Congrats! If You Do 9 Very Specific Things, Your Relationship Is Healthy

Insight into what makes healthy relationships tick.

happy couple sitting together Lucia Romero / Shutterstock

There are endless traits and behaviors that are emblematic of a healthy, fulfilling relationship.

Most of us know what they are (even if we forget to practice them!), such as listening to one another, laughing together, using humor (especially during arguments), having regular sex, going on dates, and so on.


If You Do 9 Very Specific Things, Your Relationship Is Healthy

1. You lookout for the other person.

When both parties look out for one another, the results are profound, primarily because it creates a basis of trust that is the relationship's bedrock. When you know someone has your back, it gives you tremendous security and frees you from chronic thoughts of doubt and uncertainty that can otherwise plague relationships. This strong sense of trust and dedication to your partner's well-being is the greatest gift we can give to our partners.

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2. You take the high road.

Let's face it. Sometimes you want to get back at your partner because he or she has hurt you. Even in the best relationships, hurt and disappointment are inevitable. The magic is in how couples manage such things. Relationships, where each individual has the maturity and ability to take the long-term view and strive to treat the other well, are much better off than those where partners act on each emotional impulse or every perceived infraction. 

Taking the high road takes great strength and thoughtfulness. It often feels more rewarding at the moment to give in to melancholy, vindictiveness, anger, or a host of other negative expressions. Taking the high road means actively putting your best foot forward—even when you would rather pout or wallow or exact revenge (even in small petty ways).

3. You know that some conflict is normal and expected.

Contrary to what some may think, a healthy relationship doesn't mean you're happy 100 percent of the time. You will argue from time to time—occasional conflict is actually healthy! It's the natural by-product of two different human beings living in close relationships with one another.

Instead of just avoiding arguments, healthy couples know how to handle them when they inevitably do come up.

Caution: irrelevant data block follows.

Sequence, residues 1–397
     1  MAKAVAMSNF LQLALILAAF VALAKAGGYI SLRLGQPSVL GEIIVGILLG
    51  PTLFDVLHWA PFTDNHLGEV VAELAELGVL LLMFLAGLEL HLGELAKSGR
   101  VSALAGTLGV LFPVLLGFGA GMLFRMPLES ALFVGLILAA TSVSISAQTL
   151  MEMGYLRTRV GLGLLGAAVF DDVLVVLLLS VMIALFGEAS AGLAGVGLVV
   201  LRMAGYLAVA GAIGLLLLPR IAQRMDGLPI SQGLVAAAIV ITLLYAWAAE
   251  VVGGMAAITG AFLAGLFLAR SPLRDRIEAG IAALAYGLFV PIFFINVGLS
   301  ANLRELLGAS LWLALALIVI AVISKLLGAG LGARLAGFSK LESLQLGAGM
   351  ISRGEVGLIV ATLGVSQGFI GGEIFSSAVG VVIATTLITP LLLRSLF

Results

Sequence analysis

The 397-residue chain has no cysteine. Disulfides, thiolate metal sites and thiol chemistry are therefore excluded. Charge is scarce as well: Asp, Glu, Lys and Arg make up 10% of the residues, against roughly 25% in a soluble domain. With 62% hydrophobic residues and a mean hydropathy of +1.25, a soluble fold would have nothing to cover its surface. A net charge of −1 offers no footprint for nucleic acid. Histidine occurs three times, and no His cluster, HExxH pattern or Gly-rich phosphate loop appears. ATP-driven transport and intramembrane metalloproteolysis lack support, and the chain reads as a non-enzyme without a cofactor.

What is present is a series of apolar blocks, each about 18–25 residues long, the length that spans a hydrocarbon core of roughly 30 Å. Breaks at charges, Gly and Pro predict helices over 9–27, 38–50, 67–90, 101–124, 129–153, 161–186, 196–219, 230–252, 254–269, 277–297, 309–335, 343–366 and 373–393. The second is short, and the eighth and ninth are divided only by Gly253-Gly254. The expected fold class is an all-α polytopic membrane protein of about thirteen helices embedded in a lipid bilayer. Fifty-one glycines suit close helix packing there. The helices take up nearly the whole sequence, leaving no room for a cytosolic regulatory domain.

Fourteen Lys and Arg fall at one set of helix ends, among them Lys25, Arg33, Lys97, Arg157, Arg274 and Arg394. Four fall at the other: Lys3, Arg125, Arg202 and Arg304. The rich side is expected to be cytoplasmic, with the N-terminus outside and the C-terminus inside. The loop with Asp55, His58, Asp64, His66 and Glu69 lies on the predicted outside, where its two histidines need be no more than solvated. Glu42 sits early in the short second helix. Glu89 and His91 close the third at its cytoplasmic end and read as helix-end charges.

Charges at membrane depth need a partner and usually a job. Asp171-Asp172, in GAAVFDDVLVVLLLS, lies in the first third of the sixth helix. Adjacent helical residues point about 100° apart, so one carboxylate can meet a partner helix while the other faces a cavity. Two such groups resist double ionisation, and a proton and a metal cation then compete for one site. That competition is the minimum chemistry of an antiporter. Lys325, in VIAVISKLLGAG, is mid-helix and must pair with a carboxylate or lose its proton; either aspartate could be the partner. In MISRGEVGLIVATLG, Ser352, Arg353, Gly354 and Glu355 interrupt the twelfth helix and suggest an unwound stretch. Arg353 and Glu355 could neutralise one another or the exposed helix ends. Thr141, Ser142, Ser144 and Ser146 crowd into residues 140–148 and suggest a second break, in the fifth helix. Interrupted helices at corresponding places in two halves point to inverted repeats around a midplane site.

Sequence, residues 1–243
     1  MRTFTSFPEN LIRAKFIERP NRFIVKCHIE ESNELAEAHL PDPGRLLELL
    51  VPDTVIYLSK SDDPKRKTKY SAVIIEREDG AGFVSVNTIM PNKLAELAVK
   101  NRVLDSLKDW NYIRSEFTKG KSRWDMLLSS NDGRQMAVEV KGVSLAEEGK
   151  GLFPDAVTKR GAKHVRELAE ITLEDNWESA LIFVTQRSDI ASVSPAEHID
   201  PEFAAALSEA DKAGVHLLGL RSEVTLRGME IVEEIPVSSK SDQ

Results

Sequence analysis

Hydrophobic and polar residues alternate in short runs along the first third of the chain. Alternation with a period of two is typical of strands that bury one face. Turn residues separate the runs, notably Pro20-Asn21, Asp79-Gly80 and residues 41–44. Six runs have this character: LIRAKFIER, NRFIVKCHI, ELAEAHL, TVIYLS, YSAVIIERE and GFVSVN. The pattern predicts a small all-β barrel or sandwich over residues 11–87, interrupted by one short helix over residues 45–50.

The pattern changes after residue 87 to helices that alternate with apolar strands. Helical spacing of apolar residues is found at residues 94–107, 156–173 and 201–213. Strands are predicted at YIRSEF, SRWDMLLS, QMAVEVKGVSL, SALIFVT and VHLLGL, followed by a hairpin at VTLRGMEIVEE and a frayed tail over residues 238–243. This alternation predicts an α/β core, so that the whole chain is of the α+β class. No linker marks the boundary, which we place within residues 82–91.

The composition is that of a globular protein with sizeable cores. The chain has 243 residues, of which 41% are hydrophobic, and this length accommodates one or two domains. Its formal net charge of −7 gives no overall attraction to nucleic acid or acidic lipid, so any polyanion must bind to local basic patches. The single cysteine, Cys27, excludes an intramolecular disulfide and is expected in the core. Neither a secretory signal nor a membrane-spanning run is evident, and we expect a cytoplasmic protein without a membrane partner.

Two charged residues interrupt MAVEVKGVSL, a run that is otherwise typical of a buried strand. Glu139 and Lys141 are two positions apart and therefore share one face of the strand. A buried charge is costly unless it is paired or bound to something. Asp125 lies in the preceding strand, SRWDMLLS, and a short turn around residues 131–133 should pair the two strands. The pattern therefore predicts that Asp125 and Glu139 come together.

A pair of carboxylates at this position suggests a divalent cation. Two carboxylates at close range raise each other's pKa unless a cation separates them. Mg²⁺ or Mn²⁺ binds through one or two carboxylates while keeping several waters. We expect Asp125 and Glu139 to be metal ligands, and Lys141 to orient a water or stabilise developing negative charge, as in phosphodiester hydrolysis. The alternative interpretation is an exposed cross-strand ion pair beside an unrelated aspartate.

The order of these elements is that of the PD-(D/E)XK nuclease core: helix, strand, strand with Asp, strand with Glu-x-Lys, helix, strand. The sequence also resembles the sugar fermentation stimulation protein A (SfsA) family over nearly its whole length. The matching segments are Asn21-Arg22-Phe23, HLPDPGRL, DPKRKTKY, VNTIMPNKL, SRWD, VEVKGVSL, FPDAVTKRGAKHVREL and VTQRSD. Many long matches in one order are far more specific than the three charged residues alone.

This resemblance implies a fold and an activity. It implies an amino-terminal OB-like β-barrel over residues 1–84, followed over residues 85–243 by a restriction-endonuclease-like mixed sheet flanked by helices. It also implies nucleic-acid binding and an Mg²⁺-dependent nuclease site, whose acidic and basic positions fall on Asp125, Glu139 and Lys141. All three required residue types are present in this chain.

Research shows that this knowledge has everything to do with how long-lasting your relationship will be. Damaging patterns such as one partner "pursuing" while the other is "distancing" have been shown to have a negative impact on the future of the relationship (as evidenced in a 1994 study of long-term marriages by Levenson, Carstensen, & Gottman).

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4. You know how to pick your battles.

Just because conflict is normal doesn't mean you have to go out of your way to have it. Before you say anything, decide if the possible negative effect of a comment is worth saying it in the first place. A good rule of thumb: you've tried, but you just can't let it go. This can be a sign that an unresolved issue has the potential to turn into lasting resentment, and should be openly discussed. 

5. You talk so the other is able to listen.

So how do you talk about the tough stuff? Healthy resolution of conflict involves honest and respectful communication, a willingness to look at your own contribution, and the ability to know if you need to take a time-out and come back to it later. If anger comes up, you may need time (20-30 minutes is usually good) to cool down so you don't say something in the heat of the moment that you might later regret.


6. You feel free from retaliation or judgment.

Healthy relationships provide a feel-good atmosphere of support, encouragement, teamwork, and love. This support and encouragement lead to a higher level of comfort whereby you are able to clearly express yourself without fear of retaliation or judgment.

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7. You feel like yourself—your best self.

Healthy relationships align with your core beliefs, convictions, and overall chosen style of life. In a healthy relationship, you never have to worry about changing yourself in order to make the relationship function. You also never have to worry about losing your partner when you decide to make some changes.

There's no need to be someone else, do something that makes you feel uncomfortable, or act in a certain way. You often hear yourself saying or thinking, "This relationship brings out the best in me."


8. Your quality of life is higher because you're together.

Healthy relationships improve your quality of life. Are you growing? Are you wiser? Are you more mature? Have you modified your behaviors in a more positive manner? Has your attitude and overall outlook on your life and goals improved? If you are saying yes to these questions, you are in a healthy relationship.

9. You don't have to be attached at the hip.

Trusting habits are demonstrated in healthy relationships. That means you are not going through her phone, checking his email, or having to be by his side everywhere he goes in order to keep an eye on what he's doing. Instead, you are able to freely allow him/her to do whatever he/she wants to do.

In return, your time is spent doing what you want to do. And if/when those two wants cross (i.e. you want to spend time with him and he wants to spend time with you)—you'll be together...and that's the bonus. You often hear yourself thinking or saying, "I trust your decision-making."


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Laurel Fay is a marriage and family therapist who specializes in couples' work.